In Conversation: Rapman on His Explosive Debut Film, US Perceptions of Black-British Identity & Meeting Jay-Z
Marco (Micheal Ward) and Timmy (Stephen Odubola) in 'Blue Story,' photo by Nick Wall.

In Conversation: Rapman on His Explosive Debut Film, US Perceptions of Black-British Identity & Meeting Jay-Z

The British-Nigerian rapper and filmmaker releases 'Blue Story' to US audiences today, and speaks with OkayAfrica about the film's momentous journey.

Best intentions don't always go as planned. British-Nigerian rapper and filmmaker Rapmanknows this firsthand. With Blue Story, his feature film debut about two best friends-turned-rivals, his ultimate goal was anti-gang and anti-violence. But when it was released throughout the UK this past November, a fight in a theater in Birmingham resulted in UK's Vue Cinemas pulling the film from all its theaters. But there was a silver lining. The ban attracted attention, garnering international press coverage for the emerging filmmaker and coincidentally introducing his unique brand of storytelling to an even wider audience.

Inspired by Rapman's own experiences of growing up in Southeast London, Blue Story reveals the longstanding gang rivalry that has claimed the lives of far too many. At the center of it all is Marco (Top Boy's Micheal Ward who plays Jamie) and Timmy, (Stephen Odubola) who begin as the best of friends, only to turn bitter enemies. Described in American terms as a "British Boyz N the Hood," Blue Story builds on Rapman's 2013 music video "Blue Story Pt. 1." As a bonus, Tiny Boost, Jorja Smith, Buju Banton, Raye and Giggs, among others, join Rapman on Blue Story's soundtrack.

Long known for including cinematic elements into his music video, the British-Nigerian rapper and filmmaker hit his groove with 2018's Shiro's Story, a three-part YouTube series balancing rapping with a full story. Rapman provides the narration, using his clever rhymes to sum up the dramatic action witnessed on screen. In many ways, it's become his signature and is prominent in Blue Story as well.

To date, Shiro's Story has reportedly received over 20 million views. Riding high off that success, Rapman became a part of Jay-Z's Roc Nation. Currently, he is working on a project for Jeffrey Katzenberg, the former co-founder/CEO of Dreamworks who recently launched the short-form video platform, Quibi. In February, it was announced that Paramount had tapped him to direct American Son, a US film based on the Oscar-nominated French film, A Prophet, about a young Muslim man who is mentored by an erratic mobster in prison and later works to form a multiracial crime syndicate to take him down.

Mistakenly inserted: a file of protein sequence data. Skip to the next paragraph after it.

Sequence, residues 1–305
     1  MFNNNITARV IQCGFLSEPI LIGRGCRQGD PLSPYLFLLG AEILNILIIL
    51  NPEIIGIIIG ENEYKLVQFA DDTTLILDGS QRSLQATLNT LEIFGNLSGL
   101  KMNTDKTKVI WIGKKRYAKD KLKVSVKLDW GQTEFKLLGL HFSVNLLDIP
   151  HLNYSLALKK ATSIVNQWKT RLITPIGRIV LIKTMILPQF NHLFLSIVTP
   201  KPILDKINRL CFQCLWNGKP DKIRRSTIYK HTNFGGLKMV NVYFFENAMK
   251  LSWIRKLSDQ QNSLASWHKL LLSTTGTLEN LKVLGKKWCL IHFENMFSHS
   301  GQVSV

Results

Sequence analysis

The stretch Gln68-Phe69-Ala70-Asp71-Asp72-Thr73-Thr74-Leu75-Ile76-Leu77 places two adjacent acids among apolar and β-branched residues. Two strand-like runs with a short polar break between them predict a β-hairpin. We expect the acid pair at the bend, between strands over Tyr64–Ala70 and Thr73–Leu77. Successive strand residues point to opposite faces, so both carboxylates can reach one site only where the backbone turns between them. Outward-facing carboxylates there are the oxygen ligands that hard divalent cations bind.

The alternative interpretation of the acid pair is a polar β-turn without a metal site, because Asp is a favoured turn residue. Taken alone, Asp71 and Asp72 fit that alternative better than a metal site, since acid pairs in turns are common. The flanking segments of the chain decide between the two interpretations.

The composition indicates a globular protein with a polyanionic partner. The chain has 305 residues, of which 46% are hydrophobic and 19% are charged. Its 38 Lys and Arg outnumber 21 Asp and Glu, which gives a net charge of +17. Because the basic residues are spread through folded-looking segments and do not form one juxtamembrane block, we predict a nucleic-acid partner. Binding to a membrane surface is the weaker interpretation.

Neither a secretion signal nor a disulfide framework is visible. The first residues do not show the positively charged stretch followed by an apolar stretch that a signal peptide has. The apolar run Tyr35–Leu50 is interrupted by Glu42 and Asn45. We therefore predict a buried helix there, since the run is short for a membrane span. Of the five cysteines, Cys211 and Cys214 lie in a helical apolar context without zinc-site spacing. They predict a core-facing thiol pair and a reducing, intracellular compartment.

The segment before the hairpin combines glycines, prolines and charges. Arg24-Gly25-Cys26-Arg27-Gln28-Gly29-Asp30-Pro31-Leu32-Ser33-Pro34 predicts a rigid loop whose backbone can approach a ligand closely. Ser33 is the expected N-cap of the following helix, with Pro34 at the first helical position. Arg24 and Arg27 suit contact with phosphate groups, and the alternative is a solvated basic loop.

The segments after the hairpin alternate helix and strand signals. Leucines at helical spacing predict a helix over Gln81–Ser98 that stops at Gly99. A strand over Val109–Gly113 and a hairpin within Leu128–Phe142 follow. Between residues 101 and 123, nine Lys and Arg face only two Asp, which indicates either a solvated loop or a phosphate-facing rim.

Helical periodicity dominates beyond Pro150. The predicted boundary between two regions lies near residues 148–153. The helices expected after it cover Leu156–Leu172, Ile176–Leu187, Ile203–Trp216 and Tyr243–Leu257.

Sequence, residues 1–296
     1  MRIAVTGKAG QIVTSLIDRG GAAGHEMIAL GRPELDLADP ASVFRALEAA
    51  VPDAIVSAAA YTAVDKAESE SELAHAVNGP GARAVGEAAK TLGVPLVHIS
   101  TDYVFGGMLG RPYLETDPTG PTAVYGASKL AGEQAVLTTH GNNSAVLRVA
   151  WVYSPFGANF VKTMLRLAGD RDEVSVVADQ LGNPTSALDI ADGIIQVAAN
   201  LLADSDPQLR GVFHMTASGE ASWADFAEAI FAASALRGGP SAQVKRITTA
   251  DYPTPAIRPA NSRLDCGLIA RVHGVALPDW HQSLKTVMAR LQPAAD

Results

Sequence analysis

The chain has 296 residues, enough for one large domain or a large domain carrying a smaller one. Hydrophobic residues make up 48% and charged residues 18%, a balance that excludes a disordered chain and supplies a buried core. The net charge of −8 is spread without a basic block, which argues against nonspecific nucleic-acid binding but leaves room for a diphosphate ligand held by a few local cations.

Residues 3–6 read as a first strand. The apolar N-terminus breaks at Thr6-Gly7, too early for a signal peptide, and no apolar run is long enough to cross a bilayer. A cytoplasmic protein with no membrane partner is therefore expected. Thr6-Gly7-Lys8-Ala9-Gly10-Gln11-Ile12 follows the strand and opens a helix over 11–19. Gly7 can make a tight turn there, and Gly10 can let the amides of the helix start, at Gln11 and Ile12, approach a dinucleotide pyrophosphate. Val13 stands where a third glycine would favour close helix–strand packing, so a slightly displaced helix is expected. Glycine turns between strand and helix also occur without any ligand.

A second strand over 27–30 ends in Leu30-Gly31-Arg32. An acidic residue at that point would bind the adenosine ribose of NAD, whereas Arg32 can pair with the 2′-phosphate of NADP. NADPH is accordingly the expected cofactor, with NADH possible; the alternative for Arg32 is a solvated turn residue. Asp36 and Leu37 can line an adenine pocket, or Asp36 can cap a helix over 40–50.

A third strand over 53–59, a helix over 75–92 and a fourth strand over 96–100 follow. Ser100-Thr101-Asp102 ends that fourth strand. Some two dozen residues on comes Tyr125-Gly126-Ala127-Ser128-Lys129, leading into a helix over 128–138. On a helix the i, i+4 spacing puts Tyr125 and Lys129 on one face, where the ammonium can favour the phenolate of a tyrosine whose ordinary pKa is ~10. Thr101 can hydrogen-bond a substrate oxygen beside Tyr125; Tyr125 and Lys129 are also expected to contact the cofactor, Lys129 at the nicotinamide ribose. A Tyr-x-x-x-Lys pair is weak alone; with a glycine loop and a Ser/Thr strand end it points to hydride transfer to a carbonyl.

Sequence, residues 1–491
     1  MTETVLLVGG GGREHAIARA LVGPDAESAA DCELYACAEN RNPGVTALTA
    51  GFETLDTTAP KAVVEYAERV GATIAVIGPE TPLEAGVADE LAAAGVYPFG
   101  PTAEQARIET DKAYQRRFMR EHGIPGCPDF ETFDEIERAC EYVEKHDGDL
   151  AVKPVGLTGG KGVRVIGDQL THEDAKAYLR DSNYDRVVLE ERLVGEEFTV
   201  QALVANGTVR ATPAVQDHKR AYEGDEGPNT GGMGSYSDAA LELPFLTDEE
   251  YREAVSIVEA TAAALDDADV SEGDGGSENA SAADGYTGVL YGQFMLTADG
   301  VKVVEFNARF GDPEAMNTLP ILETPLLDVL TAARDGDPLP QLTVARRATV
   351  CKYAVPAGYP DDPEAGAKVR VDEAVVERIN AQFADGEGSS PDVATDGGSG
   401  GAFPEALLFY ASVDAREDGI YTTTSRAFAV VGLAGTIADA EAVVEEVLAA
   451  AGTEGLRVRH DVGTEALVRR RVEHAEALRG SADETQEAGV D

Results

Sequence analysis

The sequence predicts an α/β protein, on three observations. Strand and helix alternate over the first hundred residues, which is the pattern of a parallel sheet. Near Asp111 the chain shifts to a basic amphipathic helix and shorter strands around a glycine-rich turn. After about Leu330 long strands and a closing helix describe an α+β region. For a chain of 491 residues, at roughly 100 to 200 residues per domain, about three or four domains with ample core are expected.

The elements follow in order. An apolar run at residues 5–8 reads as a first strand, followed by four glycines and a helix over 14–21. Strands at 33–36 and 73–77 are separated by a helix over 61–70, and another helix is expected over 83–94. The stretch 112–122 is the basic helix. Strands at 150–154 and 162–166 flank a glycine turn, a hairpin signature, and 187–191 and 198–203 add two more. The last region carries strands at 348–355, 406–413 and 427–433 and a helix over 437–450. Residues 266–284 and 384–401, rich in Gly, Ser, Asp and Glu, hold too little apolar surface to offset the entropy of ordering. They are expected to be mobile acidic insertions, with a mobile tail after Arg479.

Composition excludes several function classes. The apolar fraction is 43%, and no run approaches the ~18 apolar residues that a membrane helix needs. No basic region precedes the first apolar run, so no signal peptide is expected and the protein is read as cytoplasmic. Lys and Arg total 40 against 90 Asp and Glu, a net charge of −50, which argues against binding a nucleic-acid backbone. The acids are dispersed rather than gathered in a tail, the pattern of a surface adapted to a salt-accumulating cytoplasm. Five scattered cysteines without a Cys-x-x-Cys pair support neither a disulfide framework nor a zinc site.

In anticipation of Blue Story's American May 5 digital release from Paramount on all platforms, including Apple TV, Vudu, Amazon Prime Video, Sony PlayStation Video and more, Rapman spoke about the film's ban, US perceptions of the Black British experience, his musical film style, the power of his Nigerian heritage and meeting Jay-Z.

Rapman attends the World Premiere of "Blue Story" at Curzon Cinema Mayfair on November 14, 2019 in London, England. (Photo by Tim P. Whitby/Getty Images for Paramount)

Does Blue Story, the title, have a particular meaning?

Yeah it does. It's based in an area called Lewisham. Every borough in London has a color scheme. Lewisham is nicknamed the "Blue Borough." So, everyone who's from Lewisham is kind of like that's what it's known as, so "Blue Story" is based in Lewisham, so we decided to call it "Blue Story."

Is it frustrating to interact with people in the United States because a lot of them don't think Black people in England have struggles too?

Yeah it is. They think what we do is sit around waiting for the Queen to make a speech every day. . . We all go through the same problems. We all have projects and ghettos and gangs and crimes and guns. It's all just as bad. Before Blue Story and Top Boy, they always figure that we're a Black Downton Abbey and that we're posh and upper-class. I am hoping that this movie will open a lot of eyes.

Your extended video Shiro's Story, which precedes Blue Story, is on YouTube and, in that, you also have the action play out and summarize it with rhymes. It has a sort of Greek chorus effect, which could be corny, but yet works. Is that something you do consciously?